In summary, MLDMs can potentially be used as templates to integrate and analyze multiple layers of disease-relevant information. Similar to the current diagnostic model discussed above, analyses can be based on functional understanding, but with higher resolution and the option for computational predictions. When the underlying mechanisms are revealed, our view of various common diseases might alter, prompting reclassification of multiple diseases.

Networks to reclassify diseases based on pathogenic mechanisms

The current diagnostic classification is based on observations of symptoms and signs, associations with external factors (for example, pollen and allergy), and use of diagnostic aids like radiology, and variable molecular knowledge of disease mechanisms. A fundamental problem with this classification system is that the same phenotype may result from multiple disease mechanisms. Thus, if a drug is only effective against one of those mechanisms, its use in patients with different underlying mechanisms will not be therapeutically successful.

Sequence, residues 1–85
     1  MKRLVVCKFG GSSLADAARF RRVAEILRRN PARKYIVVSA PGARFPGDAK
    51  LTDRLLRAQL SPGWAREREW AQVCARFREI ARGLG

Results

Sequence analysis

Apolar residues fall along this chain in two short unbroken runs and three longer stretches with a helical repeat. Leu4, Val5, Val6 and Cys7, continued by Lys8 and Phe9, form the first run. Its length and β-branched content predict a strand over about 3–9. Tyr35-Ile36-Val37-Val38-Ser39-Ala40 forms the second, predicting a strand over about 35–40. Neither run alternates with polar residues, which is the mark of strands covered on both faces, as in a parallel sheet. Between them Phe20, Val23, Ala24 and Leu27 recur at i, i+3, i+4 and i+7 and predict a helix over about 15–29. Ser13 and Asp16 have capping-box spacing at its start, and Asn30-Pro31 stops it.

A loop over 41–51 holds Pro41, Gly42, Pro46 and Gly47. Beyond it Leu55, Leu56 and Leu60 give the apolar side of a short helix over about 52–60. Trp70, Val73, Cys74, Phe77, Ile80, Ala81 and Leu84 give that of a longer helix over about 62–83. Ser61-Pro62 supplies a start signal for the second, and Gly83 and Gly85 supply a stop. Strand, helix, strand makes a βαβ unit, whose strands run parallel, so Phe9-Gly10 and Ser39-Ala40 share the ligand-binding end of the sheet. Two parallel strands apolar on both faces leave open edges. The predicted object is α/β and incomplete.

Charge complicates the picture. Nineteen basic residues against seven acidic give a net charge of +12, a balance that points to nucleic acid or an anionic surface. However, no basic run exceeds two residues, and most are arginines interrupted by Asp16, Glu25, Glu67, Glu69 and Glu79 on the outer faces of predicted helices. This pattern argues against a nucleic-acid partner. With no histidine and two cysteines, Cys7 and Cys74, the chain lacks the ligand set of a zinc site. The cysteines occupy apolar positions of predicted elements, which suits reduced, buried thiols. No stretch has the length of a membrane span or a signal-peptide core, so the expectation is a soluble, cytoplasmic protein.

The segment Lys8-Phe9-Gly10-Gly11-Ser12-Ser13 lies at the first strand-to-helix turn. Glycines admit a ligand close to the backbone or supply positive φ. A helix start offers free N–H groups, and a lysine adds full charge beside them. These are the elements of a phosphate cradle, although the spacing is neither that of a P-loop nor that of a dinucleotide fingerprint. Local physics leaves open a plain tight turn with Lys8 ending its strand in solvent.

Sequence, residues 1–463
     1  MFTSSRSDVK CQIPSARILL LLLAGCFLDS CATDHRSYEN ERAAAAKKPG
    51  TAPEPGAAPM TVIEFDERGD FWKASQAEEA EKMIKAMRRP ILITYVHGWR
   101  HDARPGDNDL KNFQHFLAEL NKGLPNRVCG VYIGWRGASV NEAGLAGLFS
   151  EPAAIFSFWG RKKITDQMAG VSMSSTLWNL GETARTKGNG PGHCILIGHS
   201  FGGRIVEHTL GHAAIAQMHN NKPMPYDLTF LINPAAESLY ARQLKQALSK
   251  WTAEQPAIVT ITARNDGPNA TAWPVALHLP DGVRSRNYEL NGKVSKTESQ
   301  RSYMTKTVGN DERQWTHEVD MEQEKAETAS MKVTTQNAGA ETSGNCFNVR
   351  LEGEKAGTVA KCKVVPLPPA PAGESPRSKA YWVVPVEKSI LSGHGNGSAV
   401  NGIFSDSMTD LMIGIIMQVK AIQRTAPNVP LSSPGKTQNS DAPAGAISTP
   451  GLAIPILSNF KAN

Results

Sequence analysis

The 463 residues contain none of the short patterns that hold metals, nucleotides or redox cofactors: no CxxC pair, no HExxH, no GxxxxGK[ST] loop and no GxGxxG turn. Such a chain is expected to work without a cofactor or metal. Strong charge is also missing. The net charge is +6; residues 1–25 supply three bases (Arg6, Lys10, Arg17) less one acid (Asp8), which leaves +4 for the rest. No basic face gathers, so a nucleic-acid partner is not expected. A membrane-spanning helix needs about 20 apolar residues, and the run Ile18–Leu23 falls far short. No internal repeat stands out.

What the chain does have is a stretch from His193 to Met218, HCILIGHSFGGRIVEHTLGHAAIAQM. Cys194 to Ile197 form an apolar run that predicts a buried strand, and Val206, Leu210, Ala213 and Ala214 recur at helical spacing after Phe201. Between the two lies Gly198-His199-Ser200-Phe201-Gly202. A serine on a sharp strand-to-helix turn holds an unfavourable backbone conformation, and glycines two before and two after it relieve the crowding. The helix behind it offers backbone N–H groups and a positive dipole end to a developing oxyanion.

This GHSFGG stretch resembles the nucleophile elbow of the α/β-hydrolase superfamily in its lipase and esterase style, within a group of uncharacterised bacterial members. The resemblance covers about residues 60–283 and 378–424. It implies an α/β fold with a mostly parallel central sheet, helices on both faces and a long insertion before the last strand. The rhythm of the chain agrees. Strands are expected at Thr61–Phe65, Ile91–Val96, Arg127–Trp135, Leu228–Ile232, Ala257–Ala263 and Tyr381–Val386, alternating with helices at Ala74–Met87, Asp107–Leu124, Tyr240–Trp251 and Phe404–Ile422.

Ideally, diagnoses should be based on accurately linking phenotypes with all possible underlying mechanisms. Taking this idea to its extreme would require simultaneously analyzing all possible external causes and mechanisms. Since there is considerable comorbidity, all diseases should also be simultaneously analyzed. Actually, the first steps in this direction have been already taken, using network-based analyses of public databases and high-throughput data. In a landmark study, Goh et al. [44] mapped human disease genes onto the interactome, and found that genes associated with phenotypically similar diseases tended to co-localize. Similar observations were made for networks derived from expression profiling [45]. This led Barrenas et al. [39] to construct a module-based map of human diseases. Similar to a geographical map, different disease categories should co-localize in different parts of the interactome (Figure 5a). Ideally, such a map could be used as a reference to improve diagnostic accuracy and classification, and better identify diagnostic and therapeutic candidates. However, despite the diseases being very diverse (including metabolic, inflammatory and oncological diseases), they partially overlapped. Thus, instead of being dispersed in the interactome, the disease modules formed a flower-like structure (Figure 5b). The overlapping disease modules formed a new, shared module with remarkable characteristics. It was enriched for inflammatory, metabolic and proliferative pathways. Since these pathways have key roles in survival, this led to the hypothesis that altered function in one of the pathways may spill over to the others and cause one or more diseases. Indeed, meta-analysis of GWASs representing more than 100 diseases and hundreds of thousands of patients showed that the shared module was highly enriched for SNPs from these diseases [39]. These findings contrast with the dogma that diseases are mainly caused by disease-specific genes, and that nonspecific genes are secondary or irrelevant. Further studies showed that the shared module was more enriched for GWAS genes than disease-specific genes. Moreover, it was highly enriched for known biomarkers and therapeutic targets. Clinical studies showed that the expression profile of the shared module had the potential to stratify allergic patients for treatment with corticosteroids. Because the shared module was highly enriched for GWAS genes it is likely that it has an important causal role, which has diagnostic implications for predictive and preventative medicine [3,39].